The Kern River alluvial fan is the southernmost major alluvial fan built by the streams which drain the west side of the Sierra Nevada. The climate is semiarid with rainfall near 5 inches per year. Agricultural development within the area uses over half the 700,000 acre-feet per year flow of the Kern River, plus a considerable amount drawn from the ground-water reservoir particularly during periods of low flow.
The area overlies a deep structural trough between crystalline rocks of the Sierra Nevada and the marine rocks of Tertiary age of the Coast Ranges. The top horizon of the marine rocks that lap on the Sierra Nevada block underlies the report area at an average depth of 2,000 feet. The overlying continental deposits that form the groundwater reservoir consist of alluvial-fan and lacustrine deposits.
The continental deposits are subdivided into three lithologic units on the basis of grain size and sorting. The gravel and clay unit consists of older alluvial-fan material, of both Sierra Nevada and Coast Range provenance, that shows extremely poor sorting with some diagenetic decomposition through chemical weathering. The fine sand to clay unit consists principally of fine sand, silt, and clay deposited in a lacustrine environment, although some of the unit is of alluvial-fan origin derived from poorly consolidated marine shale of the Coast Ranges. Within the fine sand to clay unit three distinct clays, which affect ground-water conditions, can be recognized. The gravel to medium sand unit consists of unweathered alluvial-fan material that shows much better sorting than the gravel and clay unit. In the eastern part of the area the basal part of this unit is a gravel lentil that can be traced in the subsurface more than 250 square miles. The overlying deposits consist principally of medium sand. In the western part of the area the unit is a heterogeneous gravel and sand unit. Permeability in Meinzer units of the gravel and clay unit ranges between 10 and 100 with specific yield about 5 percent. For the fine sand to clay unit the permeability ranges between 0.0001 and 100 with about 10 percent specific yield. The gravel to medium sand unit has permeabilities between 100 and 10,000, and specific yield is about 15 percent.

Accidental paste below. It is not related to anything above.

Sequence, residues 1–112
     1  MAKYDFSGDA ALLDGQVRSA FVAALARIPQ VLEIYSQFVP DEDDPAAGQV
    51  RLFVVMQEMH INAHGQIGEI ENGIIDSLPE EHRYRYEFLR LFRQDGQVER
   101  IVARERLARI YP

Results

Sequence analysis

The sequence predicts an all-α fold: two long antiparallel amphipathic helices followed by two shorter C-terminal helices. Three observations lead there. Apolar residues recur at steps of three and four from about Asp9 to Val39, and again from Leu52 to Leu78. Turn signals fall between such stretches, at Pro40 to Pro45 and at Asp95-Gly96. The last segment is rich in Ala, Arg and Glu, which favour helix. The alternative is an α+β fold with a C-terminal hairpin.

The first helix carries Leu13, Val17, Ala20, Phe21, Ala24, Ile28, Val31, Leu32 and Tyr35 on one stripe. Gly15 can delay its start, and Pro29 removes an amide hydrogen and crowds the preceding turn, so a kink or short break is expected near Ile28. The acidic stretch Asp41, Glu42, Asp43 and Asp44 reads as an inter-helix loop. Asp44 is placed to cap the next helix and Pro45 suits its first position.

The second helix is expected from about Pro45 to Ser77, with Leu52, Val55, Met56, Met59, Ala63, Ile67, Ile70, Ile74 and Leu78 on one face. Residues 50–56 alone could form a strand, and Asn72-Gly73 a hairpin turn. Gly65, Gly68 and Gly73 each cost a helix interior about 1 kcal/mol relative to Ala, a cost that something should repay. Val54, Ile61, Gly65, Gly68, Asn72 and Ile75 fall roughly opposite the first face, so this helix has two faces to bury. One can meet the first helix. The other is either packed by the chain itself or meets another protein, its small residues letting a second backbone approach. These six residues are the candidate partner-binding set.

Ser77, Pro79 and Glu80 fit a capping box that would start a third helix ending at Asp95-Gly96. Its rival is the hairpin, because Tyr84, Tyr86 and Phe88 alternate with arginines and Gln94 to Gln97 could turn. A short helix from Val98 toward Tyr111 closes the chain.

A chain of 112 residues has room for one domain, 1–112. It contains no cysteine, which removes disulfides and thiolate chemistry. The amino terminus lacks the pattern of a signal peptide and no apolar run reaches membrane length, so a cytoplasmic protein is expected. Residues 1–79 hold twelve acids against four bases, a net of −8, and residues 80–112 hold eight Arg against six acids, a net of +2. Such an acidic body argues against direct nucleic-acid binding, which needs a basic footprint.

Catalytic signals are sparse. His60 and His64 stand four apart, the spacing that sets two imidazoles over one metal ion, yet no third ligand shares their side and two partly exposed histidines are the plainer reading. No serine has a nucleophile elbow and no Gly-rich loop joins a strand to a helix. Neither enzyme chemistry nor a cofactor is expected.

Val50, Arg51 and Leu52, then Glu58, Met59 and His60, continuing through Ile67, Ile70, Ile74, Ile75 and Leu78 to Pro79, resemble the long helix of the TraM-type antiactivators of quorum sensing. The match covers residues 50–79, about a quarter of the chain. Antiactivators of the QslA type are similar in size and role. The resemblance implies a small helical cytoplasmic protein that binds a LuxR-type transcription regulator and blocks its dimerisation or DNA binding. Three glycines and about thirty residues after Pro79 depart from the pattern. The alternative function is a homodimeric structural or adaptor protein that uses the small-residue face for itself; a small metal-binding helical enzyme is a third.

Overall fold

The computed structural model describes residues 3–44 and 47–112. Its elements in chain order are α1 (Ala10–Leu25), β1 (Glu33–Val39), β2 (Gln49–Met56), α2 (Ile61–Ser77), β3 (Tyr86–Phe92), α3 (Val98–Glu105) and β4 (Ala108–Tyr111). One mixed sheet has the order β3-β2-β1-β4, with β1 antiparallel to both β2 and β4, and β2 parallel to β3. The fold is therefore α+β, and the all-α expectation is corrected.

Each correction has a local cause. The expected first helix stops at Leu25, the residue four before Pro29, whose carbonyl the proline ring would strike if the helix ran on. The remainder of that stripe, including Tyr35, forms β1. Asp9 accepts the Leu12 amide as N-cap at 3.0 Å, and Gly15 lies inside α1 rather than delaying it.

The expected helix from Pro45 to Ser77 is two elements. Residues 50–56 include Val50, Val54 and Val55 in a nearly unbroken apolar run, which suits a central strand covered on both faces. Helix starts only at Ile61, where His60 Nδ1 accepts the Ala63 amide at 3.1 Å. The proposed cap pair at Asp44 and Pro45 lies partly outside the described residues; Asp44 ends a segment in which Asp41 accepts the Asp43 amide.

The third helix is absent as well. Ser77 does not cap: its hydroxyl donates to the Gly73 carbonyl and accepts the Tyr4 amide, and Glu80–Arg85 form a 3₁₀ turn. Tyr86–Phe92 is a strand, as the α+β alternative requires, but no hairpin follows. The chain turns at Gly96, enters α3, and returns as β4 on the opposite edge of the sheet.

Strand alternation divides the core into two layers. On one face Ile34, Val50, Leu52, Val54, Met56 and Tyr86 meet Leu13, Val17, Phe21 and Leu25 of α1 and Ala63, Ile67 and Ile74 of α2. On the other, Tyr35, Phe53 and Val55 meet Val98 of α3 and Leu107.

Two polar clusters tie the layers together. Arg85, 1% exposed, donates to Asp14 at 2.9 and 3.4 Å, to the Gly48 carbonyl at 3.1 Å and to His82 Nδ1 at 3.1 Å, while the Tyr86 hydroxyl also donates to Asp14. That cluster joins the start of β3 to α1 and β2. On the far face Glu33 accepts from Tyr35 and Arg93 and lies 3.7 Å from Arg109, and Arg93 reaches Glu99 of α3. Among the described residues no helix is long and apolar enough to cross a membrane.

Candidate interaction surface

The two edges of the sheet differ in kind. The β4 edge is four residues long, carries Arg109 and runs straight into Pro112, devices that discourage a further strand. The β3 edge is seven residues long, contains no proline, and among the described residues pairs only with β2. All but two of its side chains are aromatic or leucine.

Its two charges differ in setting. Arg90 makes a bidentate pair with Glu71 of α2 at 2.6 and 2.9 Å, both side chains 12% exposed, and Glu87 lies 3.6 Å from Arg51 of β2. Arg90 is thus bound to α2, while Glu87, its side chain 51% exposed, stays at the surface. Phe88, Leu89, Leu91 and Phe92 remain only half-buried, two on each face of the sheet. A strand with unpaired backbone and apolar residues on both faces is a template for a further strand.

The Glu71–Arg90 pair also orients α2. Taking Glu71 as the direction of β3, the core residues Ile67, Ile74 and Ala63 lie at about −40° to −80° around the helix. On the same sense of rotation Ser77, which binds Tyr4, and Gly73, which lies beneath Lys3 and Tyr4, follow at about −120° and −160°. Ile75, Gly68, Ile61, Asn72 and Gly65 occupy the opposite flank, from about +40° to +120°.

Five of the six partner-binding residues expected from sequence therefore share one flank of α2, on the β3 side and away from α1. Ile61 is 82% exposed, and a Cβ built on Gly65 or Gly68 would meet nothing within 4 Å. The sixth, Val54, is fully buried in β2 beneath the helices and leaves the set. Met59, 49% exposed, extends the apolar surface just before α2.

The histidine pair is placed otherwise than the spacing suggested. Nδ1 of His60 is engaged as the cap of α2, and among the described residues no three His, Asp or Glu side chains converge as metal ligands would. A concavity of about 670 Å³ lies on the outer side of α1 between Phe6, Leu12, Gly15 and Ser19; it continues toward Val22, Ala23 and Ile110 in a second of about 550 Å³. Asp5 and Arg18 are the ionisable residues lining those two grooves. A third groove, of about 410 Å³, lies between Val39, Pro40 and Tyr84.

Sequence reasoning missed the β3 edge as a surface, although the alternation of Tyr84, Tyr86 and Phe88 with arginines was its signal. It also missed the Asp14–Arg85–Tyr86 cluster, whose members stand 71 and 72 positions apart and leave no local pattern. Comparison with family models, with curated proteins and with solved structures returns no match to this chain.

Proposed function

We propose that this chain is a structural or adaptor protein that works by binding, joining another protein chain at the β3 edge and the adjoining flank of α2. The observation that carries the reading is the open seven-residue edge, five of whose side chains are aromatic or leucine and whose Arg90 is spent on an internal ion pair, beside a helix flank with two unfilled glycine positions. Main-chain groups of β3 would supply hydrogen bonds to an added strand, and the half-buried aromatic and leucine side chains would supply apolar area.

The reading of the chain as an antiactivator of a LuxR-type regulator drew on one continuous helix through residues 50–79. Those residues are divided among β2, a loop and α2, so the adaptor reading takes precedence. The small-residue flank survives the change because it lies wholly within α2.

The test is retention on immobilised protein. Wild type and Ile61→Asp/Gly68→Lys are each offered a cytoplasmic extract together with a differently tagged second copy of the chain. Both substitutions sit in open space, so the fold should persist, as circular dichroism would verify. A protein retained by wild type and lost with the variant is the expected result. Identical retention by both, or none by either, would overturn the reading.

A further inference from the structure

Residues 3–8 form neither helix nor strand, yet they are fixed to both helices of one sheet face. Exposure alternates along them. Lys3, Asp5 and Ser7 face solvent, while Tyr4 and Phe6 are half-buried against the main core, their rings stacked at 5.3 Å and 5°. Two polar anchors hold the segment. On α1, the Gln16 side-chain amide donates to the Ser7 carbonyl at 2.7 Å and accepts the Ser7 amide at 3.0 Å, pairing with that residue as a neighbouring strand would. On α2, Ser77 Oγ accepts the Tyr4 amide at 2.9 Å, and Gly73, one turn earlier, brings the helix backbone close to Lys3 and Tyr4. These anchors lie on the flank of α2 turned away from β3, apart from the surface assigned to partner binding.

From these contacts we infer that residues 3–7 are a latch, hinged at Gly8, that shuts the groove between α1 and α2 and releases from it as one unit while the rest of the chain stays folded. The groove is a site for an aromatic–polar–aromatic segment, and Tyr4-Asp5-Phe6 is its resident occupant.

For the period 1955-59 the annual gross surface-water supply was estimated at 421,000 acre-feet and pumpage was 664,000 acre-feet, giving a rounded total supply of 1,100,000 acre-feet. Annual consumptive use was estimated at 750,000 acre-feet and annual infiltration at 350,000 acre-feet. The approximate 300,000 acre-feet difference between 664,000 acre-feet pumped and 350,000 acre-feet infiltrated has caused an annual decline in water levels of up to 7 feet.
Ground water occurs under both unconfined and confined conditions within the report area. In general, the gravel to medium sand unit contains unconfined water, and the other two units contain confined water.
Pumping is less intense in the Kern River fan area than in the adjoining areas to the north or south. This fact, plus infiltration from the Kern River, results in ground-water movement being principally out of the area. There is a ground-water divide that approximately underlies the Kern River. South of the river the flow spreads out semicircularly from the river, and north of the river the flow is linear to the northwest.
Based on chemical quality the ground water has been divided areally into (1) east side, (2) west side, and (3) axial water.
With the exception of two areas of comparable size northwest of Bakersfield and a much smaller area southeast of that city where ground water is somewhat saline, east-side ground water is generally of the calcium bicarbonate and calcium sodium bicarbonate type of low to medium salinity. The chemical character of east-side ground water is necessarily related to that of Kern River water, the principal source of recharge, and water of intermittent streams which drain the dissected upland
Additional publication details
USGS Numbered Series
Ground-Water Geology and Hydrology of the Kern River Alluvial-Fan Area, California